Skip to Content

The Underwater Robot That Will Repair Fukushima

A robot is being built to venture into the radioactive waters of Fukushima’s worst-hit reactor and remove fuel rods.
January 19, 2016

When an earthquake and tsunami devastated Japan’s Fukushima Daiichi nuclear power plant in 2011, causing a catastrophic meltdown and radiation leak, plans to use robots to perform much-needed repairs were quickly dashed. The environment simply proved too complex and unstable for any normal robot to venture into.

In the years since, there have been efforts to develop robots that should be more useful. The disaster inspired a spectacular robot competition called the DARPA Robotics Challenge, designed to simulate rescue efforts. It led to the development of some remarkable new robots capable of working in unstructured environments.

The Japan Times now reports that Toshiba, which manufactured the worst-hit reactor and is helping with the cleanup, has made a two-armed submersible robot that will float into reactor 3 to try to remove debris and retrieve some of the reactor’s fuel rods. The effort shows that, in contrast to all the fancy robots tested at the DARPA challenge, a simple, custom-made machine is sometimes the best solution for a given task.

The new robot is expected to embark on its mission sometime in 2017. Even if it’s successful, the environment will remain too dangerous for humans to go into. But it would be a major step forward in cleaning up the disaster site.

For more, check out this video by the Japan Times:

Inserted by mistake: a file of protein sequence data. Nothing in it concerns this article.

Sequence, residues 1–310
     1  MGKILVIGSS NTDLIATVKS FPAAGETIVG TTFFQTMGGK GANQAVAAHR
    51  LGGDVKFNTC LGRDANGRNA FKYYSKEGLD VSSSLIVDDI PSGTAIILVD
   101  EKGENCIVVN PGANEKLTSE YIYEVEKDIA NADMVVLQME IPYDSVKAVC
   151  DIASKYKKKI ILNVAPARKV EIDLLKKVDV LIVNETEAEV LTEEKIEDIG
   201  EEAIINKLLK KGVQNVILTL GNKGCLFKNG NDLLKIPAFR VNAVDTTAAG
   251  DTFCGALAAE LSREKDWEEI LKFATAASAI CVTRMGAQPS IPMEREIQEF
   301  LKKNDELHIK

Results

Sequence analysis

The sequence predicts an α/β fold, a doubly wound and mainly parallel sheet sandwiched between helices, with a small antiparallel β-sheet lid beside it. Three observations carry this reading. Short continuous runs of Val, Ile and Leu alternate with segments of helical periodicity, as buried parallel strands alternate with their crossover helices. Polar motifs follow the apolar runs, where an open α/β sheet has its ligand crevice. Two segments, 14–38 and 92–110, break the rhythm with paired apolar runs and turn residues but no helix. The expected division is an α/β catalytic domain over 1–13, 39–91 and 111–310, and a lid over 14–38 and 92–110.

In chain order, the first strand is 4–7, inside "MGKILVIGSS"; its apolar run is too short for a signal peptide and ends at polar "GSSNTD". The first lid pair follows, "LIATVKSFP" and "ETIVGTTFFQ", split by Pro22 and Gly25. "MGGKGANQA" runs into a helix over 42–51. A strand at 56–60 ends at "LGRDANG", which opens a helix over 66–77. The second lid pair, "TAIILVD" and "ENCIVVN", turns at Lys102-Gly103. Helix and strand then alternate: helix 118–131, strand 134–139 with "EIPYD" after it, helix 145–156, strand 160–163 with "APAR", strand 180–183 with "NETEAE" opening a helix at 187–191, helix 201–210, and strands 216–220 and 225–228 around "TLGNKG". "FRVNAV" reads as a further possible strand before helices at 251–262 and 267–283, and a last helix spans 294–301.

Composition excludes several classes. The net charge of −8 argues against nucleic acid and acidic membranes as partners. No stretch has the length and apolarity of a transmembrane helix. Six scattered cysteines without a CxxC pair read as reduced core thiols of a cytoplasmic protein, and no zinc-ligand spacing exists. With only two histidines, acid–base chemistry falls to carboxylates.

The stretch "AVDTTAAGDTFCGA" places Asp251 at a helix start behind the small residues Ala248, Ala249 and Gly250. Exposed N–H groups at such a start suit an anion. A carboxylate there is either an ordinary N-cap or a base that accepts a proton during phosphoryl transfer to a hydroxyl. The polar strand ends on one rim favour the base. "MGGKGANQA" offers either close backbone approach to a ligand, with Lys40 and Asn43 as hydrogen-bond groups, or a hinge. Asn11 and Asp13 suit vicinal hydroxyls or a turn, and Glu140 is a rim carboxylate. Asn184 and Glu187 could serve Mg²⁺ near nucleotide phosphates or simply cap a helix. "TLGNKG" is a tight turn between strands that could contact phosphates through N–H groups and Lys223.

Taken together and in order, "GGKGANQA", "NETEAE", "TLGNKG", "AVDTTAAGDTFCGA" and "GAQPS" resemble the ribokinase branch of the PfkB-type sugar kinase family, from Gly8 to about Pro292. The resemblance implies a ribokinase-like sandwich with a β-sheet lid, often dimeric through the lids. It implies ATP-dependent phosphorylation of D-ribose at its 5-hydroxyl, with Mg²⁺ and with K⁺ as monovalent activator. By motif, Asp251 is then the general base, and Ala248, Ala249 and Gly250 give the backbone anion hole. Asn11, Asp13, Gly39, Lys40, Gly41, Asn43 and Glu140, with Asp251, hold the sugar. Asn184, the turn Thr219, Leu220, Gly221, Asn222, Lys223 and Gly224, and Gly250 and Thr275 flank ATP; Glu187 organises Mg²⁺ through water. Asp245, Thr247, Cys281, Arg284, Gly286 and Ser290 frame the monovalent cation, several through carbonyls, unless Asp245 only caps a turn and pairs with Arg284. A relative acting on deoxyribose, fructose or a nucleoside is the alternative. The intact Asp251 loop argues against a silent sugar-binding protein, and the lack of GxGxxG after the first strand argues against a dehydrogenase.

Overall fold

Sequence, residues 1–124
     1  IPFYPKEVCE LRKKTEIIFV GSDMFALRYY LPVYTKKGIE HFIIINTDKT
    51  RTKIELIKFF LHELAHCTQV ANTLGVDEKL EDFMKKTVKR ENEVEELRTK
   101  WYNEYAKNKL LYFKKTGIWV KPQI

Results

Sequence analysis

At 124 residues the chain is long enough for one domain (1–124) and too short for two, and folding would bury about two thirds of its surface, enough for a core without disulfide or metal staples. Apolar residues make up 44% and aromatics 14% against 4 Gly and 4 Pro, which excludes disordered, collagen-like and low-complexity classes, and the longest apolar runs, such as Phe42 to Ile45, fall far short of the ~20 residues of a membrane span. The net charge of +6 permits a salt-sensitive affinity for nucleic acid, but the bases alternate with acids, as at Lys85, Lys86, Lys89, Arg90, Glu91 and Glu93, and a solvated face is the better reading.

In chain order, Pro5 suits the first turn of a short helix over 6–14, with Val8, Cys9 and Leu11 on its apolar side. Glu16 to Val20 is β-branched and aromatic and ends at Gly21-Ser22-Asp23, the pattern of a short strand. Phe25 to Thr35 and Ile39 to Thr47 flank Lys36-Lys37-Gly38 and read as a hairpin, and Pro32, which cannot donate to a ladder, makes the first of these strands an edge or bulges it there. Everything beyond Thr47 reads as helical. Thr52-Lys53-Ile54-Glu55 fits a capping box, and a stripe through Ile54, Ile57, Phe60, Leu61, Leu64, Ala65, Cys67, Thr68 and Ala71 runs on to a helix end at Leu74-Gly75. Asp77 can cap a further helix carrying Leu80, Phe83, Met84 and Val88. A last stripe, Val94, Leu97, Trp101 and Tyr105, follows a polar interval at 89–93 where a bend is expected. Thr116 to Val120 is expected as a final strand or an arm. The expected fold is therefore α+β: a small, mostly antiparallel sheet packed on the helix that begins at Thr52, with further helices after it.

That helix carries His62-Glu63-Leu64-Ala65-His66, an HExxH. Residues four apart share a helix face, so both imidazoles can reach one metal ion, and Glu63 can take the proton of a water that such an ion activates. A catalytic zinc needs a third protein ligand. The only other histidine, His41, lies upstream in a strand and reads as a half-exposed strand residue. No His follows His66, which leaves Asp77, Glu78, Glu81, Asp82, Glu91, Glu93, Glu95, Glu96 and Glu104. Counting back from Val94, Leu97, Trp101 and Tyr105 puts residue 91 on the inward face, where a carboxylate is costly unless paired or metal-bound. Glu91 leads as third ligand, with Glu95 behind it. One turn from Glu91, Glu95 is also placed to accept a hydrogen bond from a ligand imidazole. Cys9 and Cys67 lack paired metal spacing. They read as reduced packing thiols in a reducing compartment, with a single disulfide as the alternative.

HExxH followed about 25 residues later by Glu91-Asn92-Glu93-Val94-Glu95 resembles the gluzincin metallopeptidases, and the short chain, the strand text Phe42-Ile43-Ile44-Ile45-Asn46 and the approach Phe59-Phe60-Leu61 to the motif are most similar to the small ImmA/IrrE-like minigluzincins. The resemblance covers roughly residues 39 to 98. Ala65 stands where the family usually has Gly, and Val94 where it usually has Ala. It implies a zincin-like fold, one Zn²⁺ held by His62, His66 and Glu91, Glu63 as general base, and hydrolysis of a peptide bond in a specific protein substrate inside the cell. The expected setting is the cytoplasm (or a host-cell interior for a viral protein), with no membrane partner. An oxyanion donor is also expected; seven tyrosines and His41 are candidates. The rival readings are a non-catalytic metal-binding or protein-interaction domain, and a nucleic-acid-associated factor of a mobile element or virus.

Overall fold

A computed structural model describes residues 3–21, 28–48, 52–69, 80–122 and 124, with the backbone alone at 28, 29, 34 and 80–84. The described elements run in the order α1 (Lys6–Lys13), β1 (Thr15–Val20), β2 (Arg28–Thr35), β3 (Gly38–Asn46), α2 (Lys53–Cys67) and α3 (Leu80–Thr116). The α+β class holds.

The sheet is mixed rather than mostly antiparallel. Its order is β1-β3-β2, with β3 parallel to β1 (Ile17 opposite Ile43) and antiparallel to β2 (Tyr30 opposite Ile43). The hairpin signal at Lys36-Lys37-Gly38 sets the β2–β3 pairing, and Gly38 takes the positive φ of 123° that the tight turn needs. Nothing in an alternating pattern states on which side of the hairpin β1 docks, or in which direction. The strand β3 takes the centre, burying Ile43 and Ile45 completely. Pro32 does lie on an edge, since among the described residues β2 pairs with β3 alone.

(source: Japan Times)

Keep Reading

Most Popular

A Roomba recorded a woman on the toilet. How did screenshots end up on Facebook?

Robot vacuum companies say your images are safe, but a sprawling global supply chain for data from our devices creates risk.

A startup says it’s begun releasing particles into the atmosphere, in an effort to tweak the climate

Make Sunsets is already attempting to earn revenue for geoengineering, a move likely to provoke widespread criticism.

10 Breakthrough Technologies 2023

Every year, we pick the 10 technologies that matter the most right now. We look for advances that will have a big impact on our lives and break down why they matter.

These exclusive satellite images show that Saudi Arabia’s sci-fi megacity is well underway

Weirdly, any recent work on The Line doesn’t show up on Google Maps. But we got the images anyway.

Stay connected

Illustration by Rose Wong

Get the latest updates from
MIT Technology Review

Discover special offers, top stories, upcoming events, and more.

Thank you for submitting your email!

Explore more newsletters

It looks like something went wrong.

We’re having trouble saving your preferences. Try refreshing this page and updating them one more time. If you continue to get this message, reach out to us at customer-service@technologyreview.com with a list of newsletters you’d like to receive.